When is the best time to invest?


Investments require discipline and commitment in making regular payments. [iStockphoto]

For many, when retirement comes or those in the civil service are sent packing as part of the government’s agreement with external lenders like Bretton Woods institutions to cut the wage bill, they are not able to adjust to the new reality.

A good number of them end up depressed, not knowing how to cope.

The sad reality of life is that many people do not see it coming.

For those who are lucky to have a pension and savings, they have something to fall back on, at least while it lasts.

Not everyone is cut for business,  and those who were not smart enough to make long-term investments while they were still employed find the going tough.

  Sample the case of two civil servants, who, for the sake of argument, we shall call them A and B.

Civil servant A had side businesses while still in employment. Among his areas of interest was real estate, where he’d take loans to get pieces of land and develop both residential and commercial units.

He was also in the stock market with shares in different blue-chip companies and would reinvest dividends in different stocks or other areas of interest.

Civil servant B, on the other hand, lived paycheque to paycheque, saving in Saccos and banks with plans of investing when they retired.

Civil servant A would have opted to quit employment early to concentrate on his businesses, but held on given his position and the benefits that came with it.

The fat pension post-retirement was also too enticing.

When they retired, A transitioned effortlessly into his new life given by now he was business savvy, with his managerial skills an added advantage.

B, on the other hand, began one startup after another  and failed. Unable to get traction in the business world, he opted to offer consulting services to different organisations, drawing from his work experience.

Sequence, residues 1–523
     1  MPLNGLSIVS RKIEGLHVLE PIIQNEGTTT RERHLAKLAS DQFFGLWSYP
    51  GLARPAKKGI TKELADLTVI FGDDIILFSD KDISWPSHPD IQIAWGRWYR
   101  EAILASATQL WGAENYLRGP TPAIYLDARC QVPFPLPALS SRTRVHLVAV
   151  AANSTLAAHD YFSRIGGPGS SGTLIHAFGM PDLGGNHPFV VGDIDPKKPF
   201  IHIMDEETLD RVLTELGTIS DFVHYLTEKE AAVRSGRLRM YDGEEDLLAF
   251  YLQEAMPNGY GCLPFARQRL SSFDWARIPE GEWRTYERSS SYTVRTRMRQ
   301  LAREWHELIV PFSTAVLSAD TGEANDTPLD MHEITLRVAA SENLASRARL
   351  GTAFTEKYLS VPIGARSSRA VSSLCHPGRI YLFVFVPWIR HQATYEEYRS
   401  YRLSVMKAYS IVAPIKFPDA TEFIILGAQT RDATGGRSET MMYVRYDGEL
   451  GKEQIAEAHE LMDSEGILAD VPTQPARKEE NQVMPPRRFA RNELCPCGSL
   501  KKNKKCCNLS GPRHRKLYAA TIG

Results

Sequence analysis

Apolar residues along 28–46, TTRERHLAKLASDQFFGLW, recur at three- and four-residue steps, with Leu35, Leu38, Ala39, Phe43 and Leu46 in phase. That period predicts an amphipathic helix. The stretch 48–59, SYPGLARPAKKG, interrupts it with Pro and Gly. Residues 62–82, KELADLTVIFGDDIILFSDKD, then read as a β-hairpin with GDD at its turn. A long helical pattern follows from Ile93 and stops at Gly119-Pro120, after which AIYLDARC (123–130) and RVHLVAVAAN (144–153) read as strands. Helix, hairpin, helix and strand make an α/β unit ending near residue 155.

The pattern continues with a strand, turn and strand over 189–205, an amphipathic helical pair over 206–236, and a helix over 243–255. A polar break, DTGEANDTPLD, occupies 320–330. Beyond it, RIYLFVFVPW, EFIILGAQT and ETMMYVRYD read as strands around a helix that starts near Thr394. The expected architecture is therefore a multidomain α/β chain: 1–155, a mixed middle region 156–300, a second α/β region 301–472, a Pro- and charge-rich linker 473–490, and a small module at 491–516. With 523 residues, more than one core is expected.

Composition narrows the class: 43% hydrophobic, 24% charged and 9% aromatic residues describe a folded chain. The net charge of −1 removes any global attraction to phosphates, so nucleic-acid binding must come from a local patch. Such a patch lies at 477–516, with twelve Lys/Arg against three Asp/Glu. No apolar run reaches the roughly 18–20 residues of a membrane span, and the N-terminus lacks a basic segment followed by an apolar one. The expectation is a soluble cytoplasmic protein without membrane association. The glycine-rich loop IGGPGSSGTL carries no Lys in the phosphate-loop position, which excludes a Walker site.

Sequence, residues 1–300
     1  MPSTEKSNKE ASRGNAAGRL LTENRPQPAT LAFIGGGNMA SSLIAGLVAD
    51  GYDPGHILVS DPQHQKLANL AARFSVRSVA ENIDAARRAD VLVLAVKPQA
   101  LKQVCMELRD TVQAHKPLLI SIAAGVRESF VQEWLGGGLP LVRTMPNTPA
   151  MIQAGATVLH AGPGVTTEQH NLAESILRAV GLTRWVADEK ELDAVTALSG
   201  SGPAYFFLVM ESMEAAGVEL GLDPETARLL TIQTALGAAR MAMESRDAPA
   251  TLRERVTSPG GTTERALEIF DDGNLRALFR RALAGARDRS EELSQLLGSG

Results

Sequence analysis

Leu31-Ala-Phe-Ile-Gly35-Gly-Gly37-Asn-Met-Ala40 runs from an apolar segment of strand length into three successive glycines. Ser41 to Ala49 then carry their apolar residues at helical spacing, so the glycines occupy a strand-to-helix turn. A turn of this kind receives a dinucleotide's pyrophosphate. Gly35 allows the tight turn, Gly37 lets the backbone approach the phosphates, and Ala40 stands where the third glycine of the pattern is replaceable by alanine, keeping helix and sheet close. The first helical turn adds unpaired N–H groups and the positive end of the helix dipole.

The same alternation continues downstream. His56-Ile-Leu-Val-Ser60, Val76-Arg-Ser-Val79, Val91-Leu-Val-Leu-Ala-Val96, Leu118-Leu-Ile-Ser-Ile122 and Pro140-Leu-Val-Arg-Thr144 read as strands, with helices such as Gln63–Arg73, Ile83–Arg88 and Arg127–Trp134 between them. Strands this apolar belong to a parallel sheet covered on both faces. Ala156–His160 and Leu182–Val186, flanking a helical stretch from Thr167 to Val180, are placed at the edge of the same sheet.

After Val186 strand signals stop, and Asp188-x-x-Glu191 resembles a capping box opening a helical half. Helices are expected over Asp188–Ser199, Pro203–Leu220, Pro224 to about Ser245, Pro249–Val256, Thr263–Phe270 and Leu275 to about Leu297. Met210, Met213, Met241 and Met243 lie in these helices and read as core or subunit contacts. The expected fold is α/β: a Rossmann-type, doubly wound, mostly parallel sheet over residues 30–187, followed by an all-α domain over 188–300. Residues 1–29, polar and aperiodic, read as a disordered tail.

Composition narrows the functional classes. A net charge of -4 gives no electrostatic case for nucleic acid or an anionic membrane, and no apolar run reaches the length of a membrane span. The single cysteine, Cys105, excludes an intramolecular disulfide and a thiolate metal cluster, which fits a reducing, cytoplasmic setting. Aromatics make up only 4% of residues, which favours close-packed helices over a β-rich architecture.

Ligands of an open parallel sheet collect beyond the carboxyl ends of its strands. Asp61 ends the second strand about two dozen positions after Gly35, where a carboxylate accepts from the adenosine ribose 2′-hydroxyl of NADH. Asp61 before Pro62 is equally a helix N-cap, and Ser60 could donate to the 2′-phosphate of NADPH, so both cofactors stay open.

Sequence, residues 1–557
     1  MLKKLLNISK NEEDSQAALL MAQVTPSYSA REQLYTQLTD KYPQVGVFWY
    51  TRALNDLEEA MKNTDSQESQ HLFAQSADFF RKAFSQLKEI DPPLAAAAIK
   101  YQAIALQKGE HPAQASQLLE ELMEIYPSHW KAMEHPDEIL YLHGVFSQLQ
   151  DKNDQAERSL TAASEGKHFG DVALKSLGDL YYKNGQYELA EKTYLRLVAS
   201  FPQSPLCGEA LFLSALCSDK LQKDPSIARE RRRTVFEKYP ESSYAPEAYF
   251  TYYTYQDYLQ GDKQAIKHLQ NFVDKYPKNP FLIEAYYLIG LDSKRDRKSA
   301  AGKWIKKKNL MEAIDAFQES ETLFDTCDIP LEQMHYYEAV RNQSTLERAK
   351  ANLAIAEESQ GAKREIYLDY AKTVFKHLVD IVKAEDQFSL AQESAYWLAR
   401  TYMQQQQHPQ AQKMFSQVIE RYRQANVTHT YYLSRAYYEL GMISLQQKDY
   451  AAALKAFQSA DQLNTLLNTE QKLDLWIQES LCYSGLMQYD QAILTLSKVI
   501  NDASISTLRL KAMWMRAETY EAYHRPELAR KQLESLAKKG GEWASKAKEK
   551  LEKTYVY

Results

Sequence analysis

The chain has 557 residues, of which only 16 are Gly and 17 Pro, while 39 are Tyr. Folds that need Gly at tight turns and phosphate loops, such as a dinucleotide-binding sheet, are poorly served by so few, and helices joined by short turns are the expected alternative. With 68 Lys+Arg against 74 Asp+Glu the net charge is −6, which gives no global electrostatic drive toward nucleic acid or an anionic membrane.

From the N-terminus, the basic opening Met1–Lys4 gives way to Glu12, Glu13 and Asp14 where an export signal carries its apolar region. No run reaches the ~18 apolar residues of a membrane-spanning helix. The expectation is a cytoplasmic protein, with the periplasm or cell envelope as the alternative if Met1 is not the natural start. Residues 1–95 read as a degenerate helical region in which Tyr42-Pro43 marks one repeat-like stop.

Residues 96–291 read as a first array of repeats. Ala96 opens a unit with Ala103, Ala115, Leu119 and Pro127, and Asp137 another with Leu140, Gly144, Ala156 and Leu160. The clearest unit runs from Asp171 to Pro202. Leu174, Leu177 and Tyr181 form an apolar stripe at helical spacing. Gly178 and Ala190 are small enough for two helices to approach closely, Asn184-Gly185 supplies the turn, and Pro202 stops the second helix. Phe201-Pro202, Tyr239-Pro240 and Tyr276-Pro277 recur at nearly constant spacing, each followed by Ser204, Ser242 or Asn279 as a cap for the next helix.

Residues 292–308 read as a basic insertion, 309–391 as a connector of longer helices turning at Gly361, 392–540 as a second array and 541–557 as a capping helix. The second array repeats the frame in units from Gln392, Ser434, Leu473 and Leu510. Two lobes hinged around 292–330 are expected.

From this analogy, A made the right choice of investing while he was still actively employed. 

Michael Kamau, a teacher in Nakuru County, attests that he had seen colleagues in the teaching profession leave before hitting retirement age to concentrate on business.

“I know of one who began academic writing. When good money began flowing in, he invested in different businesses, including horticulture and poultry business. Academic writing was paying well beyond the salary that came with deductions. After getting that financial breakthrough, he quit and is currently thriving,” he says.

John Gitau, the proprietor of Rift Valley Institute of Business Studies, is one example of someone who invested while in employment.

“I worked for several organisations like Unilever Kenya, Unilever Tanzania and Kenya Breweries in different capacities. I’d invest on the side, but what killed my first few businesses was employing family members to manage them,” he says.

His first business was a shop in Nairobi followed by a salon, both of which did not last six months.

It was while working with Unilever Kenya in Kericho that he began a salon and cyber cafe business.

The salon soon picked up and consequently transformed into a school of hairdressing.

It was at this point that he quit employment to concentrate on his businesses. That was before the 2007-08 post-election skirmishes, which saw his business reduced to ashes.

He relocated to Nakuru where he began his current business, which started with 15 students.

Today it is a Technical and Vocational Education and Training-accredited college.

“The need to invest while you’re working will pay dividends as no one envisions a life of penury when they retire or are retrenched,” says Mr Gitau.

But Moses Kahiga, a personal finance expert, says many can’t invest on the side while they’re in employment.

“From that payslip, how much goes into statutory deductions, loan settlements, and other financial obligations?” he poses.

Mr Kahiga observes the take-home for many employees leaves very little after deductions, meaning many live from payslip to payslip and even have to take loans to bridge the shortfall in their income.

“However, all is not lost as such employees can still invest in chamas (investment groups), where members can pool resources and buy land for subdivision,” he says.

“A chama with noble initiatives is a good bet in empowering such individuals to property ownership. It is better than being burdened with long-term loan repayments to get the plot. Also, know that property can act as collateral if you are in serious business if you approach a lender for financing.”

Mr Kahiga says it is, therefore, best to invest while you are still employed. 

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